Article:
The Perfect Patriot: McKinney. Even with Alabama's record when it comes to the success rate of first round defensive backs, which lately has had the success rate as the novelty items from China your wife orders from Facebook ads (I'm looking at you, Cyrus Jones and Baby Yoda toy that's supposed to make 37 different sounds), he simply checks all the Patriots' boxes. I think they'd love to have him land on Belichick's perfectly sculpted, six pack lap a Pick 23. And if he does, I think they'd forget their offensive needs and grab him in the finest tradition of taking "the best available athlete." I just think that getting McKinney means moving up, which they won't do. I think.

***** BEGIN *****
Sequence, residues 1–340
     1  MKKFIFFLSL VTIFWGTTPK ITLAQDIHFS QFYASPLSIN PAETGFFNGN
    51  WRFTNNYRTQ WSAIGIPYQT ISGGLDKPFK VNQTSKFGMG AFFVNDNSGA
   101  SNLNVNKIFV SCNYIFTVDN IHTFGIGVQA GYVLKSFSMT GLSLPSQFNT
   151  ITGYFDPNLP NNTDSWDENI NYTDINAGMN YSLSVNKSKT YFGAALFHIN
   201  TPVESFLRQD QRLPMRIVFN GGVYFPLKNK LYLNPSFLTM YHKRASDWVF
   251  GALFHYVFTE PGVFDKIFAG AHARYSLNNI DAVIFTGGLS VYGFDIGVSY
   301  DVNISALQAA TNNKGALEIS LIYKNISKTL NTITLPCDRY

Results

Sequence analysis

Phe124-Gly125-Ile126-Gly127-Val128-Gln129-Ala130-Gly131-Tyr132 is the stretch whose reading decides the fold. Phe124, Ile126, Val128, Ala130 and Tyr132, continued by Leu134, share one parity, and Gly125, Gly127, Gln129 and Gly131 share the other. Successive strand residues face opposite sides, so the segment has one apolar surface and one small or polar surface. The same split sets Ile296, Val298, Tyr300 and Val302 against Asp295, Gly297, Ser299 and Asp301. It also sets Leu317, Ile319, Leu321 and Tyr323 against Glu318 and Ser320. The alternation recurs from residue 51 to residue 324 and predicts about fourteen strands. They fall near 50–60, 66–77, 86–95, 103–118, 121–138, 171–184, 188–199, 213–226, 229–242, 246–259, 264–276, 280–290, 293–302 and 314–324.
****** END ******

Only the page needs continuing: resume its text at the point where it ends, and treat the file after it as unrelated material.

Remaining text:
Whom the Pats Will Draft: Gilman. He's a seasoned, almost NFL-ready, big school, versatile safety who makes impactful plays. He'll also most likely be available in that constellation where they have all their picks between 87 and 172. Or shortly before, where the price of moving up is reasonable. He's the Xavier McKinney for families on a budget.
P.S. I think this might be the most comprehensive list of these previews I've done in the dozen or more years I've been writing them. I hope someone's been reading them. Also, thanks to J. Bastian for taking up his free time to help research some of them for nothing more than my gratitude. Best of luck, pal. Appreciate you.